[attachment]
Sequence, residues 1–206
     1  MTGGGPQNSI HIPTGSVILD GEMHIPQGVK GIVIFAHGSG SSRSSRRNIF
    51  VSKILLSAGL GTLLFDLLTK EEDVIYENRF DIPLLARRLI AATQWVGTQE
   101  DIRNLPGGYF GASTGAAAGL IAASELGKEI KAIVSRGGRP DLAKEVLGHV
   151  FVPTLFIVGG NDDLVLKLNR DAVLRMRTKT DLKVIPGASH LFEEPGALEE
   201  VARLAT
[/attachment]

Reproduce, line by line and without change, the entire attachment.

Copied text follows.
Sequence, residues 1–206
     1  MTGGGPQNSI HIPTGSVILD GEMHIPQGVK GIVIFAHGSG SSRSSRRNIF
    51  VSKILLSAGL GTLLFDLLTK EEDVIYENRF DIPLLARRLI AATQWVGTQE
   101  DIRNLPGGYF GASTGAAAGL IAASELGKEI KAIVSRGGRP DLAKEVLGHV
   151  FVPTLFIVGG NDDLVLKLNR DAVLRMRTKT DLKVIPGASH LFEEPGALEE
   201  VARLAT